Thursday, October 03, 2013

Women's Self-Defense Tips: Helen Yee's story

Photo credit:

"It's not all about kicking and punching. It's about using your head."
~ Helen Yee

WHO: Helen Yee 
WHAT: Young man with gun got into her car as she unlocked her doors to get out 
WHERE: Her driveway / Columbus, Ohio 
WHEN: March 11, 2013 9:45 PM

A short bio of Helen Yee sifu:

  • 52 yrs old, 4' 11"
  • Studying martial arts since 1978
  • Principal styles: Tae Kwon Do (3rd degree black belt); Bando, Tai Chi; Chi Gong
  • Won a silver medal in 1990 as a member of the US Tae Kwon Do in the World Cup held in Madrid, Spain
  • Alternate in 1988 Olympics
  • Since 2001, taught Tai Chi and Chi Gong
  • Inducted into The AWMAI Hall of Fame (award given to women who have dedication in the martial arts for over 30 years)

The incident as reported on

On Monday, Yee pulled into her driveway about 9:45 p.m., after rehearsing with the all-female band Wednesday Wine. She turned off her car, pulled the key from the ignition and clicked on the remote, opening all the doors so that she could retrieve her bass guitar from the back seat.

That's when the young man slid in next to her. He wore a hoodie pulled over his head and a bandana tied across his face.

"All I could see were his eyes and his gun," she said. "I had that sunken feeling."

"I need you to drive," he said.

"What?" she said.

"I just need you to drive," he repeated.

Yee looked at the gun and said, "OK," but she continued to hold the key in her hand and refused to panic.

"I knew I was not going anywhere with this guy," she said. "I knew from my martial arts training you never do that."

Yee also knew she had to distract him. She turned to him and said, "Hey! I know you!"
He recoiled. "You don't know me."

"Yeah, I do," she said. "You're Darren's friend."

She made this up. She didn't recognize him, nor did she know anyone named Darren. But she caught the guy off guard, which gave her precious seconds to figure out what to do next.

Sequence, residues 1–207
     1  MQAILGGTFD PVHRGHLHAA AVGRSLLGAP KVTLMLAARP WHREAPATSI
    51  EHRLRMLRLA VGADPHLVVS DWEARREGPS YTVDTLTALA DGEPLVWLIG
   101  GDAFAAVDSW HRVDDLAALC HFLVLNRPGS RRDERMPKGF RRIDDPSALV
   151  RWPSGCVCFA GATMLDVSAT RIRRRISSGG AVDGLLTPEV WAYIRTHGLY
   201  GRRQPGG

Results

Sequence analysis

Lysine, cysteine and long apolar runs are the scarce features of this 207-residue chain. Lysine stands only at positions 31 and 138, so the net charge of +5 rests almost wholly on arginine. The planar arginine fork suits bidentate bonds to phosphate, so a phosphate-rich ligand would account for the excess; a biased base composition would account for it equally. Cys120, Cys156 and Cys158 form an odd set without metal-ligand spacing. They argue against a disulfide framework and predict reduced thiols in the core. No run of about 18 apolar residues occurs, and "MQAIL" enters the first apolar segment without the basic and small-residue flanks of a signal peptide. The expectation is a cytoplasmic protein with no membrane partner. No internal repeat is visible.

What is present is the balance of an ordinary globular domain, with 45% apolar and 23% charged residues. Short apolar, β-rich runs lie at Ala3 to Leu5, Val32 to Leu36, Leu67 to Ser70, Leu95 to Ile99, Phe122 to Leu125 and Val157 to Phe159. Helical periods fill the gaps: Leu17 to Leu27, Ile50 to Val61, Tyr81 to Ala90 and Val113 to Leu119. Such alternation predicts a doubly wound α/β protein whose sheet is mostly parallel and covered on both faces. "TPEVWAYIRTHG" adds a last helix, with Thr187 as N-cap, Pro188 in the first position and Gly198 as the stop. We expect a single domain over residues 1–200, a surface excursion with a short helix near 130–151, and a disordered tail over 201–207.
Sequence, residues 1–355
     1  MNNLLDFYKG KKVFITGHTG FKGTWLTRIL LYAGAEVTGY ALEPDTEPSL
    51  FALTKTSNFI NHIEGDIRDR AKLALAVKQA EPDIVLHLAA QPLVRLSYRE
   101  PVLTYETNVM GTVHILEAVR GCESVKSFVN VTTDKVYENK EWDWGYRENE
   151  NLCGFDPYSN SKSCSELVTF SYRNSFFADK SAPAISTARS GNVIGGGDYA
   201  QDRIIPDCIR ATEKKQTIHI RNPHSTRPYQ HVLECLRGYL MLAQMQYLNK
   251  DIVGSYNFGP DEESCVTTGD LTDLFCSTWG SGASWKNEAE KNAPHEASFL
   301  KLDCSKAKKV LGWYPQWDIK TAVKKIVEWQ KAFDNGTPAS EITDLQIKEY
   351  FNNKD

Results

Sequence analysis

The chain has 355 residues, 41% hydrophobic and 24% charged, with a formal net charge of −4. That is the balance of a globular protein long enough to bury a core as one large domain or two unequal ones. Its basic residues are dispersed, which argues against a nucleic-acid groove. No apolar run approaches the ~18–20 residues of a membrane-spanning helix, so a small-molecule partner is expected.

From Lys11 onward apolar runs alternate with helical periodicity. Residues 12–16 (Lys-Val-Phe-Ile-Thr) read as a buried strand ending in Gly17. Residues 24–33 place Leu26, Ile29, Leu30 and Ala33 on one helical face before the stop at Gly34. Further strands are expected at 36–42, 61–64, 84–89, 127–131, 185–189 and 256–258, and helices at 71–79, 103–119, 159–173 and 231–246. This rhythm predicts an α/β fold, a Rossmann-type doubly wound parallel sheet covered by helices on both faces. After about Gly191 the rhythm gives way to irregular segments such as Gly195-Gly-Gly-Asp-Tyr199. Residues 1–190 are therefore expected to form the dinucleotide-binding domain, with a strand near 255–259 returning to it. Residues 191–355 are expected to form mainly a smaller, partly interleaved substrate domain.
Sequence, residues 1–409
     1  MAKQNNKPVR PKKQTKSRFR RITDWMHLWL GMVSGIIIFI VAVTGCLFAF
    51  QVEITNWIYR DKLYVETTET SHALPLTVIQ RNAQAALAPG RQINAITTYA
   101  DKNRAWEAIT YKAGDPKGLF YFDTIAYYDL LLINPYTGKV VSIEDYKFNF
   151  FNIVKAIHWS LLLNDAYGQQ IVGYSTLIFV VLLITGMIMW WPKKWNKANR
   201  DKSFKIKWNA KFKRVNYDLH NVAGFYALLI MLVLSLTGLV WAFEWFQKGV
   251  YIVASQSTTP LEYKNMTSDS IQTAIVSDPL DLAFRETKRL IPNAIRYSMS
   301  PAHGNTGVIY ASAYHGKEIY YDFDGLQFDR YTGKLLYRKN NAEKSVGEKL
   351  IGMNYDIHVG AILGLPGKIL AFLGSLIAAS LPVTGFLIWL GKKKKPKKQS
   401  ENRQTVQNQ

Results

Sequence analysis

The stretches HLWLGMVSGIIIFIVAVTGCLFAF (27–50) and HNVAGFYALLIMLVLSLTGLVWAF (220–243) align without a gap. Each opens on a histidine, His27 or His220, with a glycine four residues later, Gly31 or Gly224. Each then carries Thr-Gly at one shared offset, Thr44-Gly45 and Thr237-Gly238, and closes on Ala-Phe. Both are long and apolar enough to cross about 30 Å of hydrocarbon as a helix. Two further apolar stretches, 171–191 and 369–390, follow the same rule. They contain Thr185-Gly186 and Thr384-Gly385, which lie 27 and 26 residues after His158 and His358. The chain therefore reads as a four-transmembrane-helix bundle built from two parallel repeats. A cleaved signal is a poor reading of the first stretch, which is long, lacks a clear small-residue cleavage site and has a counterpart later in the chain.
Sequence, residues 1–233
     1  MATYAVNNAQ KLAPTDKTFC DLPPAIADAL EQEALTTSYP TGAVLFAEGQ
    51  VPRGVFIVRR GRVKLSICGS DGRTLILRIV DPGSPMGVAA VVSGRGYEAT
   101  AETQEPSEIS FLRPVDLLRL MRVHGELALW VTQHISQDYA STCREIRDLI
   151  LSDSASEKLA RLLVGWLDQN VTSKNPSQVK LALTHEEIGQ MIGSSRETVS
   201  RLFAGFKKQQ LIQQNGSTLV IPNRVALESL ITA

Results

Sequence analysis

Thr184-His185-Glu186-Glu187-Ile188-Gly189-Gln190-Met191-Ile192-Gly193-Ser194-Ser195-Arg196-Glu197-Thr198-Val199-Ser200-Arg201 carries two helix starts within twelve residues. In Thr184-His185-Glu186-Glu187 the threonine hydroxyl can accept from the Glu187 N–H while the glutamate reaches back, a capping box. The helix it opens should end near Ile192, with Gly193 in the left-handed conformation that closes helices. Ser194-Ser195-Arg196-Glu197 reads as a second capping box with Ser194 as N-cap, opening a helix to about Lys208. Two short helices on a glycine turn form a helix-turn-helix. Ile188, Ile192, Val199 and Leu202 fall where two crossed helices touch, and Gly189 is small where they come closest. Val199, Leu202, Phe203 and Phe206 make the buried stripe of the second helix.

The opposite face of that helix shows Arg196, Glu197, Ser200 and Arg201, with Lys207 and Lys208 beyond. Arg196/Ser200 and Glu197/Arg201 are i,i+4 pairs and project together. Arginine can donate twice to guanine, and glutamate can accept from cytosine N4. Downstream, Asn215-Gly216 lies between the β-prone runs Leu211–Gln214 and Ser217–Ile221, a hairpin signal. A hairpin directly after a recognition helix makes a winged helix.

Yee pretended to struggle to put the key in the ignition as her left hand reached for the door. She pushed it open and darted out, running and screaming, "Help! Help!"

She never looked back. "I didn't give myself a chance to see if he was following me," she said. "I figured, if he was going to shoot me, he was going to shoot me.

I was going to run and make as much noise as I could."

Yee sifu's self-defense tips for women in similar situations:

  • Stay calm. Your attacker wants you to panic.
  • Never agree to go with him to a remote location.
  • Don't hesitate to lie. Telling the robber he looked familiar bought Yee crucial seconds.
  • Always keep your cellphone on your body, not in your purse.
  • Make as much noise as possible. If your car remote has a panic button, use it. Yee said she wishes she had remembered to do this.
  • Be aware of your surroundings, always.
  • Finally, here's advice for all of us, all the time: Know your neighbors, and be willing to call 911 if you see something suspicious.

My takeaways:

  • "Never agree to go with him to a remote location." - Sanford Strong in his great book, "Strong on Defense", discusses his four Survival Rules, one of which is "Avoid crime scene #2." Your best chance of defending yourself is in the initial first seconds encountering the Bad Guy. Do not believe his "If you do what I say, you won't be harmed." If you do nothing and go with the BG to another location, in all likelihood, it will be a place that is safe for the BG to do whatever s/he wants to you with no fear of being discovered. That's why they need you to go to crime scene #2.
  • "Don't hesitate to lie. Telling the robber he looked familiar bought Yee crucial seconds." - This is a form of Distraction, what Tony Blauer calls a "Pattern Interrupt" from Psychology. Yee sifu said to the BG he looked familiar, that interrupted his thinking/plan as he thought she would be an easy victim and he was going to continue with his Pattern of Intimidation and Relocation. All of a sudden, he's confused and his mind is distracted momentarily of forcing/scaring her to go to another location. That was the time she needed to escape.
  • "Be aware of your surroundings, always." - Environmental Awareness is so crucial to your personal safety. Learn to cultivate it!

For more information, please read:

NOTE: My gratitude to Melissa Soalt aka Dr. Ruthless for the share of this story via Facebook.



back to top
Stickgrappler's Sojourn of Septillion Steps